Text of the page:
Given this:

echo AAA | sed -r 's/A/echo B/ge'

I get this:

Becho Becho B

I would have thought I would get "BBB". This is with GNU sed version 4.2.1. What is going on, and how can I use the execute flag, and have multiple replacements can occur on one line (from the shell, not from perl et al)?


The flags work together in the opposite way to what you're expecting. The documentation of /e is, for the record:

This command allows one to pipe input from a shell command into pattern space. If a substitution was made, the command that is found in pattern space is executed and pattern space is replaced with its output. A trailing newline is suppressed; results are undefined if the command to be executed contains a nul character. This is a GNU sed extension.

That is a bit tortuously written. What it means is that, after the completion of a s/// command for this line, if there was a change, the (new) line is executed as a command and its output used as the replacement for this line.

So for your given command:

echo AAA | sed -r 's/A/echo B/ge'

it first replaces each A with echo B, and then executes the result as a command. It has (roughly speaking) the same effect as:

echo AAA | sed -r 's/A/echo B/g' | sh

GNU sed does not directly support the mode you want, although you can fake it with a more complex script if desired. Alternatively, Perl's /e modifier to its s command does have the behaviour you're looking for, but with Perl expressions instead.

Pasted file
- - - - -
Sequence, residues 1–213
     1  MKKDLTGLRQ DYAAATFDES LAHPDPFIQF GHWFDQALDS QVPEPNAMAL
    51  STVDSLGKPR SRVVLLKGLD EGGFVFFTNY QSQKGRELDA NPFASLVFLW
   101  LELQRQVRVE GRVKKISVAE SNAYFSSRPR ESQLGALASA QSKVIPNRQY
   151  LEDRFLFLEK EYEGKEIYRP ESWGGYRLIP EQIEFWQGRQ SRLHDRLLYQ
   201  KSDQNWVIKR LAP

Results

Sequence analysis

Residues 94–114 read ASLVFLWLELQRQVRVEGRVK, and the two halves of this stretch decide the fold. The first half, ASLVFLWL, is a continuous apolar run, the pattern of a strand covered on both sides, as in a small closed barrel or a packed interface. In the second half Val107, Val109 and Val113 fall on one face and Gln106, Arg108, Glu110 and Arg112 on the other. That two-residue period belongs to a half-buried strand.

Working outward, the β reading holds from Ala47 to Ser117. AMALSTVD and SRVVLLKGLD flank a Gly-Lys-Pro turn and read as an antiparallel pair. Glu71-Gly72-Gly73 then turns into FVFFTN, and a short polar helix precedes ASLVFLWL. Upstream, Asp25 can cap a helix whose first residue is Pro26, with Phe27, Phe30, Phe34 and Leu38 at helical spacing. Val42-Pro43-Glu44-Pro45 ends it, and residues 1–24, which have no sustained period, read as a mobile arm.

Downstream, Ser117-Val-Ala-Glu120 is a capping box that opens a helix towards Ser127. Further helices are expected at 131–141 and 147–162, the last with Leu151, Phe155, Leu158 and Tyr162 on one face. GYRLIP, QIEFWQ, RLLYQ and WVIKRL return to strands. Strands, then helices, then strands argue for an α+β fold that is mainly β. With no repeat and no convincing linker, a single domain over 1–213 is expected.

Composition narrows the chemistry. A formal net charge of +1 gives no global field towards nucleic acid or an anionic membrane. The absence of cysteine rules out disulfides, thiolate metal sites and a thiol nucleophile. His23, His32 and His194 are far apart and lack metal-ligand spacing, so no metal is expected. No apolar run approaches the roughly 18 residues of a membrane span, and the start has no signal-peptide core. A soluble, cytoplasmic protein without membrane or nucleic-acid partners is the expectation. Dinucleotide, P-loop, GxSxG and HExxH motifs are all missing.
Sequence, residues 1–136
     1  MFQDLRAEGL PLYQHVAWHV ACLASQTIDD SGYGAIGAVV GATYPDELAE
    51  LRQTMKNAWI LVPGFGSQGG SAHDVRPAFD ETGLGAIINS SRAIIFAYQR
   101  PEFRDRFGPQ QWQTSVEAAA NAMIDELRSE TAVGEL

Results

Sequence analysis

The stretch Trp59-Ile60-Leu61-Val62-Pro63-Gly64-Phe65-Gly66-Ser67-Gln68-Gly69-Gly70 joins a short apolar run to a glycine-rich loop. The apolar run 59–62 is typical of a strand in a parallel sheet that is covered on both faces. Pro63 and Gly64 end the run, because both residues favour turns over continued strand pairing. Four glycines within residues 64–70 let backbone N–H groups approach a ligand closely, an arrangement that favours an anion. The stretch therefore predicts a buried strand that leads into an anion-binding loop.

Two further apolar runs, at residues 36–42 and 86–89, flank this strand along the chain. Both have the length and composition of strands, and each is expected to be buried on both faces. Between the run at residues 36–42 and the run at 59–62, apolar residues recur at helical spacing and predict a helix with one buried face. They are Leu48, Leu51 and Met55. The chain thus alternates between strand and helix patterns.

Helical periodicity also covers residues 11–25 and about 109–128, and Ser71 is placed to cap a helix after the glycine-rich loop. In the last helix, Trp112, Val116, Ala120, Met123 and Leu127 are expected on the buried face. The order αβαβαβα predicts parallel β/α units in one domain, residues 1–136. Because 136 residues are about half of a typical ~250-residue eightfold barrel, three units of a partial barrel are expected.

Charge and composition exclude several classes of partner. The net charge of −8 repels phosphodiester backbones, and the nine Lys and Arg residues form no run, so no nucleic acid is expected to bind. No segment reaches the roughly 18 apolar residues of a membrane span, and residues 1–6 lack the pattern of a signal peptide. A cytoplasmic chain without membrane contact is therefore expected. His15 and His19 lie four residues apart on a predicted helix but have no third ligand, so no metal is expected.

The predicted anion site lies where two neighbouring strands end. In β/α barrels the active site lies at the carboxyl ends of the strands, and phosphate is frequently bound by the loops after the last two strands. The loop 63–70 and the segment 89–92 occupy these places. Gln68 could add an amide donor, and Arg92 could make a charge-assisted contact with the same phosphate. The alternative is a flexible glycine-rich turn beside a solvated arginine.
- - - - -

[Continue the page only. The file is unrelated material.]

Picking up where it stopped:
• Aha - executing the command it finds in the pattern space after processing the whole line! OK that sort of makes some sense. Although Perl does what I wanted with those two flags set. Thx. – spinkus Jan 24 '15 at 5:46

You are getting multiple replacement, but you don't get multiple executions. The pattern is executed once all the replacements have been made.

Without the e flag the result of

echo AAA | sed -r 's/A/echo B/g'


echo Becho Becho B

So that's the command line that's executed if you do include the e flag, which is equivalent to

echo 'Becho Becho B'

To get 'BBB' from 'AAA' using GNU sed's 's' command with the 'e' flag, one can do this:

echo AAA | sed -re 's/A/echo -n B;/ge'

The 'AAA' is substituted to 'echo -n B;echo -n B; echo -n B;', which, when eventually executed, leads to 3 sequentially running echo commands, one for each of the global matches. The '-n' omits the linefeed characters from echo's output, making the 'B's end up on one line (but sed appends one linefeed by itself when finally printing the pattern space).


A few things:

(1) The exact use case you describe can be handled with just

echo AAA | sed 's/A/B/g'

(2) For execution, if that is specifically what you want (for a more advanced usage than just echoing), you can use the e flag as the last step:

echo AAA | sed -r 's/A/B/g;s/(.*)/echo \1/e'

(3) If you want to only execute the command if the FIRST substitute command substituted something, use a branch:

echo AAA | sed -r 's/A/B/g;te;b;:e;s/(.*)/echo \1/e'

These only work in GNU sed as written above. BSD sed (at least the version I have) doesn't support the -r option, and requires an end-of-string to follow a branch name. (You can work around this last point by adding multiple -e options with arguments.)

Note that with the given input (AAA) these three one-liners are all functionally identical. But if the echo command were changed to something else, or if the -n option were passed to sed, you'd see the difference.

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